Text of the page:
Monday, 9 February 2015


I was a bit shocked this morning to find that my piece for last weeks Mid-Week Blues-Buster had earnt first place! I hadn't expected it at all. I liked the piece I had written, but didn't really expect it to rate much from others, especially not from the judge. It just goes to show how wrong you can be about your own writing, and what resonates with other people. For me this piece has a picture that relates to it, so I will put it up here too.

The prompt song was:
Long Black Curl, by Tuatha Dae. 

Waterhole, Ayers Rock / Uluru

As the dark, burnt orange colour of the rock turned to a lighter shade with the rise of the sun, Ariel took in the magnificence of it. She’d started out early when the sky was just turning into dark blue velvet, and crossed the place where foolish people dared to climb it as a hint of light broke the horizon. She wanted to avoid the tourists and take in the sacred place, breathe its scent and hear its whispers without any manmade disturbance.

She watched its changing surface as the sun took up its dazzling blaze, and paused in her walk every now and then to observe the different markings etched into its fabric, wondering at their intention and meaning. A part of her knew; they were engrained in her soul as part of a previous life, but it was like a wisp in her memory, she couldn’t quite catch it. She saw the tendrils of the idea and tried to follow it, but it disappeared in the haze.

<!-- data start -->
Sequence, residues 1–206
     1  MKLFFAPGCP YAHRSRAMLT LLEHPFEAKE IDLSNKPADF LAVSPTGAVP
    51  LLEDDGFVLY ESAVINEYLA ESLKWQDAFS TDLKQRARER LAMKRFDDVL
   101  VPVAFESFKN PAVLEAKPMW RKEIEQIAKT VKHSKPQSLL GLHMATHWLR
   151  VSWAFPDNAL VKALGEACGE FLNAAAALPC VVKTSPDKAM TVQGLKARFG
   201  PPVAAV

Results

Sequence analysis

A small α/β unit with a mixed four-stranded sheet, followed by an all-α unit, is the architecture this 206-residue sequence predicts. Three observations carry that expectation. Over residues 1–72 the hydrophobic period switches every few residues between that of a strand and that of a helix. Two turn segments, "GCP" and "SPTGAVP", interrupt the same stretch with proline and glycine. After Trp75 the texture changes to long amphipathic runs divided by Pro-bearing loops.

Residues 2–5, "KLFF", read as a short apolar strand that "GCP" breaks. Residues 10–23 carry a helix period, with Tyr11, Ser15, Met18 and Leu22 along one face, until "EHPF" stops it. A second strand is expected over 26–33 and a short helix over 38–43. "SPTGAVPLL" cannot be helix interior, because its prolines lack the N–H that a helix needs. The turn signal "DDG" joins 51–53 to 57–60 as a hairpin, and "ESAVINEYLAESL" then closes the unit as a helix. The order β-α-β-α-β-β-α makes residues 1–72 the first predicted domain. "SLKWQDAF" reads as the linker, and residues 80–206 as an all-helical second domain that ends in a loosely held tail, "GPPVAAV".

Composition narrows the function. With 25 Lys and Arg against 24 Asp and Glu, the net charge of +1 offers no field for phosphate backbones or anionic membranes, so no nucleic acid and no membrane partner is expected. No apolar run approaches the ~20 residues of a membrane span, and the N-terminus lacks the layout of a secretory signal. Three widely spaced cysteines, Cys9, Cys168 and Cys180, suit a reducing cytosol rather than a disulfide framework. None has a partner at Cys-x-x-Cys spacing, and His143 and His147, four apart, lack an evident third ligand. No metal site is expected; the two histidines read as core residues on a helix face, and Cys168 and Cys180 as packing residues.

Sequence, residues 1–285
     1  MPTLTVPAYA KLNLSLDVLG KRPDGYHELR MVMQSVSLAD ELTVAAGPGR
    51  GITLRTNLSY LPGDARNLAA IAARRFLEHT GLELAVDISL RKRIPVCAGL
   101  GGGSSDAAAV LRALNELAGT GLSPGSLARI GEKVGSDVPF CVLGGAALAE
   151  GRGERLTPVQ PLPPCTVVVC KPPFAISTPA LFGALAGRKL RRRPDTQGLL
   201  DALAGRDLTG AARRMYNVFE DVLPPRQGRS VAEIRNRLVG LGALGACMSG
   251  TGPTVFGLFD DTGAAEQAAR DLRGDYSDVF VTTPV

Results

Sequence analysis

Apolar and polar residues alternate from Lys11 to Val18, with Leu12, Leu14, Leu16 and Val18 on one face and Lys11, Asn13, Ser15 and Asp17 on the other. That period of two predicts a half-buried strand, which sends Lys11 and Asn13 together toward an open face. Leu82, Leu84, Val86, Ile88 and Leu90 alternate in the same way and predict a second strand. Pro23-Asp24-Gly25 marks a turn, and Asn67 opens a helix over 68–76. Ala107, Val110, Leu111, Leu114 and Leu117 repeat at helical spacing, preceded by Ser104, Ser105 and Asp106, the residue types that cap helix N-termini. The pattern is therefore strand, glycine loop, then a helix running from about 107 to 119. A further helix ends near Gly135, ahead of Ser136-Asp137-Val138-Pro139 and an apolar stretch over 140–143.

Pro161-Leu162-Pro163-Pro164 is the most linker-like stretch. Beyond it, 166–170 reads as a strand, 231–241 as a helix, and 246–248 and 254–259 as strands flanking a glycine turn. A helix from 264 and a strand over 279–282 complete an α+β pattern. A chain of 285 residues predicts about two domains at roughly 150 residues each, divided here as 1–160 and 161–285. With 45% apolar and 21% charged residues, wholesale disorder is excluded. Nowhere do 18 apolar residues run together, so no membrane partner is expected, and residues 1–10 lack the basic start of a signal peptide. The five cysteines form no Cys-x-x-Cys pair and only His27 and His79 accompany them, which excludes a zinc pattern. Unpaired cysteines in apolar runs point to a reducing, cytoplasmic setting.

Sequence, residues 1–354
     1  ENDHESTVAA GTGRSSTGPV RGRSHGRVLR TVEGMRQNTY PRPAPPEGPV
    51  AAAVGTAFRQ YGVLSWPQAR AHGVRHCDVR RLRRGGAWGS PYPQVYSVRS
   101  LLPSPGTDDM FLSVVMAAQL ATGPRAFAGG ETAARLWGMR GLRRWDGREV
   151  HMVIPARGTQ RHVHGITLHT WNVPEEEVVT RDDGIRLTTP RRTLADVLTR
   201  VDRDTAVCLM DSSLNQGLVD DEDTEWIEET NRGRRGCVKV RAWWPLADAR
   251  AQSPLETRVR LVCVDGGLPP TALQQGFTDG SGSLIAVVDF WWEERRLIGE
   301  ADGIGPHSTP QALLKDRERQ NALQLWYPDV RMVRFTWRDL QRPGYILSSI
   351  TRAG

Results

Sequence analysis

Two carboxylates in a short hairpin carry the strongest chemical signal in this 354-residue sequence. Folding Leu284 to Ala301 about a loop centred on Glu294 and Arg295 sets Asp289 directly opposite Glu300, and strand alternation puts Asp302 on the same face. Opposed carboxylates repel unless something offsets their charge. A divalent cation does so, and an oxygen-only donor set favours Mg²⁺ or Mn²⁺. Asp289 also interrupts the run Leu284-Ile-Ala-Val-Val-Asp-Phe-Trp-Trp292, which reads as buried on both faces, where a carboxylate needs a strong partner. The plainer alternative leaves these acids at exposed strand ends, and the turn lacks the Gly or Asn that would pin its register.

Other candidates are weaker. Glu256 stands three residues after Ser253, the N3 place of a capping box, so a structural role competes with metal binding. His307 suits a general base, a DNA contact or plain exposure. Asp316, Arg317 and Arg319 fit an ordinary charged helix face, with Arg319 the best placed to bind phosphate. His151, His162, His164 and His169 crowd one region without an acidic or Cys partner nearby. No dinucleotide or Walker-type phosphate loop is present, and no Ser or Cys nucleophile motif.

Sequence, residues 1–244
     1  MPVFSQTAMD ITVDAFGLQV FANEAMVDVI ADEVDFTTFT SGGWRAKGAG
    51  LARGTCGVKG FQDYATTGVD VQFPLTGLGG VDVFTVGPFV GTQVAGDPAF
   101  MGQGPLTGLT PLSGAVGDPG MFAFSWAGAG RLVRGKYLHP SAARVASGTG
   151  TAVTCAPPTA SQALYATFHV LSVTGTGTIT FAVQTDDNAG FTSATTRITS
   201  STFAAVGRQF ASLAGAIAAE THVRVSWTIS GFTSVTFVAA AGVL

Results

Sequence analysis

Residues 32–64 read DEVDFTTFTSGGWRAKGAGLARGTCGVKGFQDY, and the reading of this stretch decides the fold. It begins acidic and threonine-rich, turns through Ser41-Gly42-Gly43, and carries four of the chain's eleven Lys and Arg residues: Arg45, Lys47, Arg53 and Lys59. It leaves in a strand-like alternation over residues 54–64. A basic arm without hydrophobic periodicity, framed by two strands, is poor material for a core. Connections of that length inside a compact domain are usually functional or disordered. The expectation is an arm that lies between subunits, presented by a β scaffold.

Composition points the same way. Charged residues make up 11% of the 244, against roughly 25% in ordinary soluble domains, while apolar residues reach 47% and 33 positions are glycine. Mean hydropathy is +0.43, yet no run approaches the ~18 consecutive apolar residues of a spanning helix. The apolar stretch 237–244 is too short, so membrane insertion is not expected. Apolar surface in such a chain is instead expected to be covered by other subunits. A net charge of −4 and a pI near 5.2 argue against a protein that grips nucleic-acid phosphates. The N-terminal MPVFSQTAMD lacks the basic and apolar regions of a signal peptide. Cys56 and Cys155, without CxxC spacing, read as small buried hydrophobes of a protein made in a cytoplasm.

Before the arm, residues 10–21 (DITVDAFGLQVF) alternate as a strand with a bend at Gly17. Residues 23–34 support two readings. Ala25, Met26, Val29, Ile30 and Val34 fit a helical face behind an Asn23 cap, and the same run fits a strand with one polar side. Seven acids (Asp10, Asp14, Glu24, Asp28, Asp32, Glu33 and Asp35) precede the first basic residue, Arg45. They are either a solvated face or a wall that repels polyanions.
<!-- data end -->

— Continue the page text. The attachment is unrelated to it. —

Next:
Then she saw it, a waterhole right up against the surface, washing it clean of the rust that had aged it and revealing its youthful silver beneath; the gleaming reality of the mountains soul. Ariel stood mesmerised, and a part of her opened inside, revealing the memories she’d lost as a child.

Then the sound reached her, the music of her childhood – but not in this lifetime. She looked up to the sound and saw him standing on a shelf in the rock, the didgeridoo deftly balanced close to the edge. He took a pause from playing and looked down at her, waving. She waved back, filled with eagerness and wanting. Then he beckoned and she looked around, wondering how she could possibly reach him.

Ariel saw the opening, behind the tree, it looked nothing more than a crevice, but when she drew closer she saw the ground had been well trodden. She followed the path that led through it, the tunnel ever bright with the light at the end, which turned out to be a clearing inside, an expanse of ground enclosed by the surrounding rock, but open to the sky.

He was there, waiting for her. He held out his hand and she took it, running into his arms, a daughter greeting her father from another lifetime. She was home.

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